Obituary: Sir John Summerson

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NOT ONLY was Sir John Summerson's architectural history 'intellectually superior to anything that preceded it' as Howard Colvin notes (17 November, further to the obituary by Colin McWilliam and Alan Powers, 13 November), but it was also enthrallingly readable, writes Loyd Grossman. Certainly very little of Summerson's own slight architectural output will remain to memorialise the man.

His unintentional role in the demolition of Georgian Dublin reminded me of a chat I had with him in his office at Lincoln's Inn Fields at a time when the future of Battersea Power Station was the object of speculation. Apocryphally, Summerson had played a large part in the power station's design whilst working as a young architect in the office of Giles Gilbert Scott. To me and others of my generation, the great hulk of the building was a romantic evocation of Thirties industrial might, power raised to poetry, etc etc.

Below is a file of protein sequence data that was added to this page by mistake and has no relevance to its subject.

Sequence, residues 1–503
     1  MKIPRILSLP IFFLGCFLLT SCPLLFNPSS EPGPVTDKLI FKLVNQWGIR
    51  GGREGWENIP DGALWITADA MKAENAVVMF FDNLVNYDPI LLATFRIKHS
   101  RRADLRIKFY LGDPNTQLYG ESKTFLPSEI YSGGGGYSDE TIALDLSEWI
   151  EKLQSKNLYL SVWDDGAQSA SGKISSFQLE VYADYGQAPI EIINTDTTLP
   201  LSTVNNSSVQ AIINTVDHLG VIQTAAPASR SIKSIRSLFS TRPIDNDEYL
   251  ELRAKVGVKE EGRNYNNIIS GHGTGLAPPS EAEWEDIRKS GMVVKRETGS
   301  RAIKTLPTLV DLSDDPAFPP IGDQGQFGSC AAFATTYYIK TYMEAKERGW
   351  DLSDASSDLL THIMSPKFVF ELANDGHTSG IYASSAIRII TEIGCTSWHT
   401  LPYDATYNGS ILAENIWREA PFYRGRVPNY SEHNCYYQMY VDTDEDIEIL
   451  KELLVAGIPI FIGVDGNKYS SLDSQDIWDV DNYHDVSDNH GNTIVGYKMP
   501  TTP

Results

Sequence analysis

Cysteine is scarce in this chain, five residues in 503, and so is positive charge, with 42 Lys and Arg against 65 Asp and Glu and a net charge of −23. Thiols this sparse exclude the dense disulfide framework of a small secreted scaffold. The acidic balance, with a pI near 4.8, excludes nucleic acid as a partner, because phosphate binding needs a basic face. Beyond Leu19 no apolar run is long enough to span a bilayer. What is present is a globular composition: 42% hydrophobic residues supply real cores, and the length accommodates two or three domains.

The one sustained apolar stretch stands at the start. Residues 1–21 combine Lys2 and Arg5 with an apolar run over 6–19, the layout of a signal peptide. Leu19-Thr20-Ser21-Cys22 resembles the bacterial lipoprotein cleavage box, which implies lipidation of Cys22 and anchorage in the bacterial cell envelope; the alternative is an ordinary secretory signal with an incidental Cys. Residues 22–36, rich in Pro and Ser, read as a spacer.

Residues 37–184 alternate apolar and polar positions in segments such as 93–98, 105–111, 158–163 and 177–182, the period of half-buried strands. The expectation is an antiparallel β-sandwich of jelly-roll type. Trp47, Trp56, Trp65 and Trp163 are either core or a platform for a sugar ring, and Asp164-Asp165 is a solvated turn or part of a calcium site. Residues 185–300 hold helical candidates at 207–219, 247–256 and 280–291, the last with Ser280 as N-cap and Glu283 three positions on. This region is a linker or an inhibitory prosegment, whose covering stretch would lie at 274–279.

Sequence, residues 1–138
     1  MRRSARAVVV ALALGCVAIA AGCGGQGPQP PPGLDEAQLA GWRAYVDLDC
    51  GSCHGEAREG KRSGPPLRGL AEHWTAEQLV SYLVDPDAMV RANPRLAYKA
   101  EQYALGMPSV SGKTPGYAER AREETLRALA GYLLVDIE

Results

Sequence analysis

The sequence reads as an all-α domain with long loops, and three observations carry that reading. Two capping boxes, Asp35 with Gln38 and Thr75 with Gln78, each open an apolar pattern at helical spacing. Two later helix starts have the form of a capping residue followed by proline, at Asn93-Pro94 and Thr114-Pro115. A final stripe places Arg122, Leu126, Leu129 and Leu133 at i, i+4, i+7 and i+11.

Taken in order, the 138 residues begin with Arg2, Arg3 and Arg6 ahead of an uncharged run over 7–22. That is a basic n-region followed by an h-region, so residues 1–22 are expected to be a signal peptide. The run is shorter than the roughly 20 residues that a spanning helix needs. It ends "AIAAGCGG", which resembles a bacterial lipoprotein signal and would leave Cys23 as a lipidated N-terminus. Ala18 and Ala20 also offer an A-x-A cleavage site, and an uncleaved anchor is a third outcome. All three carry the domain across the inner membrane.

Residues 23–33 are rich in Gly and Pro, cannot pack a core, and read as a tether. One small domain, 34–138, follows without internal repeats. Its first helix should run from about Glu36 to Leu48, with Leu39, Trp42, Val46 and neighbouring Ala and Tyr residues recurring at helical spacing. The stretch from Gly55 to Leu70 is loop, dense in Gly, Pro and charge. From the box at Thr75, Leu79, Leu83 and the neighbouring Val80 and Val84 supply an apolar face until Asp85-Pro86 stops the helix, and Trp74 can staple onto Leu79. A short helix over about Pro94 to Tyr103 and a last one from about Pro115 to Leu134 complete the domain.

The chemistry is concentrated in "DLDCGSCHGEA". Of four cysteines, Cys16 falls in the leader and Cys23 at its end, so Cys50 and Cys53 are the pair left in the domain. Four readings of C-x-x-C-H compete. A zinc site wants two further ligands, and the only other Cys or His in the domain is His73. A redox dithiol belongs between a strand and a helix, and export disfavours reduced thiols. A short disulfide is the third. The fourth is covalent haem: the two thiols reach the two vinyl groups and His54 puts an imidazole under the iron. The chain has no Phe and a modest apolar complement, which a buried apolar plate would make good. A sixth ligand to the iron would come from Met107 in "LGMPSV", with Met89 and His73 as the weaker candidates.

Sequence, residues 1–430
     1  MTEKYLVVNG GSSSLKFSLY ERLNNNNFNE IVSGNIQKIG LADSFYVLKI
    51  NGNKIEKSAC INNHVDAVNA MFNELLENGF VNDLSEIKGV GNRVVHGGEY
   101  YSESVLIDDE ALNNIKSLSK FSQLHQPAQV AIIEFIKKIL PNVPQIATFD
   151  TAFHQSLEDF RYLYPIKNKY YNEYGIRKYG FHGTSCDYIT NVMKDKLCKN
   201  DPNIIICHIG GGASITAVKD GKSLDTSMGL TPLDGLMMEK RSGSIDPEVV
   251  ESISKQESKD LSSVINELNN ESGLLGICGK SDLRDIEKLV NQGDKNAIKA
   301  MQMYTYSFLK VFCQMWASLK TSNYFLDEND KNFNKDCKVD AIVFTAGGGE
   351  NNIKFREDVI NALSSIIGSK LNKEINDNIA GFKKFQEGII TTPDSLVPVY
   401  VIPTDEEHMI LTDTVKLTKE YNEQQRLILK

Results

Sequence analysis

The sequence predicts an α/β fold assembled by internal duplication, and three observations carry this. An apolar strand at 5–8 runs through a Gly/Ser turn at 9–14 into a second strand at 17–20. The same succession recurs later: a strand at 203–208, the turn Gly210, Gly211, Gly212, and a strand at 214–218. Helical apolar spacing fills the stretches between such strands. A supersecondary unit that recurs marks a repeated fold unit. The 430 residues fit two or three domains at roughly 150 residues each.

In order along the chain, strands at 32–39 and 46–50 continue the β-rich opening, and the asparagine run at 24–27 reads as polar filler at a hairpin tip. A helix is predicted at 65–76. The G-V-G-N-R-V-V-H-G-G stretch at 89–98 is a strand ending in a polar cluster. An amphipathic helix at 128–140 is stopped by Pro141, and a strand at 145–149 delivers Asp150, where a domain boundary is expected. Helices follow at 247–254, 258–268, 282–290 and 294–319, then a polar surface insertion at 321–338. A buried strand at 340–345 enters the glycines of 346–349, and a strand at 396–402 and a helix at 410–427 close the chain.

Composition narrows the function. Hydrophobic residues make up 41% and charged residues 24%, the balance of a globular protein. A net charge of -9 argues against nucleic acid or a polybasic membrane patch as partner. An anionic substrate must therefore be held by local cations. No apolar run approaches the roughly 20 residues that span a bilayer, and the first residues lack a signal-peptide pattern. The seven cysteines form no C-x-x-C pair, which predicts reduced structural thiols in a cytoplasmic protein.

So I told Sir John, who replied that he had always felt it looked like an overturned footstool (this might have been an unconscious reference to a criticism once levelled at Archer's church of St John's Smith Square) and that he supposed that one day they'd get around to tearing it down. I looked suitably horrified and said I very much hoped it would be saved. He suggested I shouldn't get too bothered about it. It would really be 'no great loss'.